Archive for December, 2011

December 7, 2011

day 2 attempt to occupy

by Melissa

The second day and the police have upped their violent response.  I worked today with TIGRA but decided to head back down here to Mendiola after work with a friend.  We got off at Legarda Station and passed the Mendiola archway on our roundabout way to the campout spot in front of a church…    Arriving in a market, the street was bustling as it likely always is- but with a twist.  A few tents and many more young people, workers, activists lying down resting on protest slogans.  New banners in the painting stage, people grouped in tight circles talking or playing music.   Most people seem to be with their organizations, the first sign of Occupy the Philippine way.  Thirty minutes later there is short program comprised of pep talk from UP student leaders including one who was beaten by the police and still wears the bloody jeans to prove it.  There are a few solidarity messages from sectors in solidarity including local unions and indigenous people from the Cordillera region.  The dominant message tonight seems to be budget cuts to education although there is also a candlelight vigil going on for overseas Filipino workers on death row.

I had a few interesting conversations with folks here about how the Occupy movement in the US differs from the current campout.  One young student suggested that in the US people are still searching for an alternative-  that it is enough over there to start with a call of unity- to come together as the 99%.  Whereas here, there is already a crafted alternative to current conditions-  Bayan is already the movement of the 99%.  I asked a few people whether there were people here who were unaffiliated (with Bayan).  The easy answer is no.  “Maybe they would be intimidated.  But for sure they wouldn’t leave without an affiliation.”  Another young artist answered the question with a little anecdote about yesterday-  how at Plaza Miranda there were food vendors who were engaging for the first time, giving gifts of food, listening.  They support but they are not affiliated. They are still massa.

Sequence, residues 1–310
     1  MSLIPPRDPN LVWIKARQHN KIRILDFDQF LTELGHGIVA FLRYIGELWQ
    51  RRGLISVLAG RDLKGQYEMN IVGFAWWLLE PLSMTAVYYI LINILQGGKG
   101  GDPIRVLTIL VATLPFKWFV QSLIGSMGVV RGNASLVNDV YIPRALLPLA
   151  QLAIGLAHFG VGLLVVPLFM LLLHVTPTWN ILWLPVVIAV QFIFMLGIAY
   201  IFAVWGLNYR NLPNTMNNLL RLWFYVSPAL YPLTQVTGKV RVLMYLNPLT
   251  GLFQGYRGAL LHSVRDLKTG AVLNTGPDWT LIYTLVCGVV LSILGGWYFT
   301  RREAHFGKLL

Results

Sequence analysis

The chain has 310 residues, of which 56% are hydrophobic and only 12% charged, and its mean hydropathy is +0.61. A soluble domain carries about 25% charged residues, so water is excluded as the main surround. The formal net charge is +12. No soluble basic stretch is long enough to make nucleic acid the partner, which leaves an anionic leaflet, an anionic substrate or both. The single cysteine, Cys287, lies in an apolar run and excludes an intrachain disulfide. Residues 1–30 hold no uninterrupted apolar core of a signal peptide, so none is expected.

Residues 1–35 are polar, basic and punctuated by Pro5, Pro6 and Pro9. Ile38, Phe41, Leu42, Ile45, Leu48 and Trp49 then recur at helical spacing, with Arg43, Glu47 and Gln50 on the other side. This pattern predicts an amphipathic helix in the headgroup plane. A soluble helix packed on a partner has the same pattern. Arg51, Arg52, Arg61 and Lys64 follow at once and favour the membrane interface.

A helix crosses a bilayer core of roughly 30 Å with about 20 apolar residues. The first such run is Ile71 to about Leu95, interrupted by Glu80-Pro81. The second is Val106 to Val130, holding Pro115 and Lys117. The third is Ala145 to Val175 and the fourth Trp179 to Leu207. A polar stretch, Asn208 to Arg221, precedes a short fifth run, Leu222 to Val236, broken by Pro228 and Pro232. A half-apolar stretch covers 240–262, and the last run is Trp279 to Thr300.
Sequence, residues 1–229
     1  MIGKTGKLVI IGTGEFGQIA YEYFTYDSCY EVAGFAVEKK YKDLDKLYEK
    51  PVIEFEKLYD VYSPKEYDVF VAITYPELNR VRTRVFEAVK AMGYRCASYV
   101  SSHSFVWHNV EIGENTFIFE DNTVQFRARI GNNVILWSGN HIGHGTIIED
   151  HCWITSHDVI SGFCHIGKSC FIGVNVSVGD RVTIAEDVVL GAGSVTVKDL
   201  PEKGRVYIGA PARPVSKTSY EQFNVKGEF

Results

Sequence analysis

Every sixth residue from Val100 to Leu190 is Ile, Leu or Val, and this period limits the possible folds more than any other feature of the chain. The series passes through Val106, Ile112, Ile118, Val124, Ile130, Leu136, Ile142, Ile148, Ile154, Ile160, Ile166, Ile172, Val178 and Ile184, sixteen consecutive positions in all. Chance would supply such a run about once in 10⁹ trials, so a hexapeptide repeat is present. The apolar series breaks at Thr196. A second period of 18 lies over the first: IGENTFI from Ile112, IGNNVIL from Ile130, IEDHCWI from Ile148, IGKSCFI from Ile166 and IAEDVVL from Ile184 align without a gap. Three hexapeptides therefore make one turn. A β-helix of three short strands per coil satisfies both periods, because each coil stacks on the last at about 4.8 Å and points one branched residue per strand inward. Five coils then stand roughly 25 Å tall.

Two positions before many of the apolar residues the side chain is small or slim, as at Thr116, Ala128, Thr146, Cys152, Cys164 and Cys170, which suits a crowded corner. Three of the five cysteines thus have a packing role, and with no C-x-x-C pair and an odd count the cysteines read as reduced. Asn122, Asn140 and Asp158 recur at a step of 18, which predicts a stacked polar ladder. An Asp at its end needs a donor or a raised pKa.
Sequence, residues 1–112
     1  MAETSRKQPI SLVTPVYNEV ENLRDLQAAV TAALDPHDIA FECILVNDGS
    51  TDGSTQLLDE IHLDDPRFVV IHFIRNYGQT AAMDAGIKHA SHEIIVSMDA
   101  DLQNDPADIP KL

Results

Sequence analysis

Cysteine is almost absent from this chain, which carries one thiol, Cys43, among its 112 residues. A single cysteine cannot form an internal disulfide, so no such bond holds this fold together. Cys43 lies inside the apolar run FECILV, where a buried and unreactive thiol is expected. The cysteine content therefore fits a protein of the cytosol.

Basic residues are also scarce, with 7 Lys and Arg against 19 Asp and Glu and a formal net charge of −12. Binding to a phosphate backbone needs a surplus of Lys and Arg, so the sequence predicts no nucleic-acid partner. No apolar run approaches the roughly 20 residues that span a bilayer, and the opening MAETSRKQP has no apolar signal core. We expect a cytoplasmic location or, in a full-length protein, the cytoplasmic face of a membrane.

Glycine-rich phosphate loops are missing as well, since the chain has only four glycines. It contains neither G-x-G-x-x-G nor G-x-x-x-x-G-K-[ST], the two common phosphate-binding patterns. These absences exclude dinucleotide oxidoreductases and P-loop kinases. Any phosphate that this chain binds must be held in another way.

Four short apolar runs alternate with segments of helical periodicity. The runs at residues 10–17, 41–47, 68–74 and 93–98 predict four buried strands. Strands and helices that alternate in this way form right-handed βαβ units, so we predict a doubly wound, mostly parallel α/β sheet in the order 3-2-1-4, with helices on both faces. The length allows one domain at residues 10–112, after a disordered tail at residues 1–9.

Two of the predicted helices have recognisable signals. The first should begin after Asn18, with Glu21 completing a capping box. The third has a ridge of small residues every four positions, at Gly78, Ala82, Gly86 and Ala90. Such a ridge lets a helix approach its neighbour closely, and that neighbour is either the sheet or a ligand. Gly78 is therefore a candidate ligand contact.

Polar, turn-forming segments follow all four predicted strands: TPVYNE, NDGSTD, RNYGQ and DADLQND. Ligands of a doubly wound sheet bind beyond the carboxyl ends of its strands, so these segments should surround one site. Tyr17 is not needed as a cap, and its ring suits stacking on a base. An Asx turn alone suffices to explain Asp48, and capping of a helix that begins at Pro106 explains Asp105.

The more complex answers is not noticeably.  There were a couple of masked musicians, playing quietly outside the safety of the cordoned area, letting a few local kids play with their percussion instruments.

I have a few camera phone pictures I’d like to post- but for now, in this internet cafe with disabled USBs and gaming galore,  I have to be content to paint a mental picture.  I feel blessed to be part of this-  to be welcomed into this occupied space by friendly, curious faces.  There is much courage here.  At some other point I’d like to unpack the ways Occupy Philippines will be necessarily different from what’s happening in the First World.  Tonight, I want to trust that its all the same struggle.

Check out this facebook page for updates:

December 6, 2011

occupy philippines

by Melissa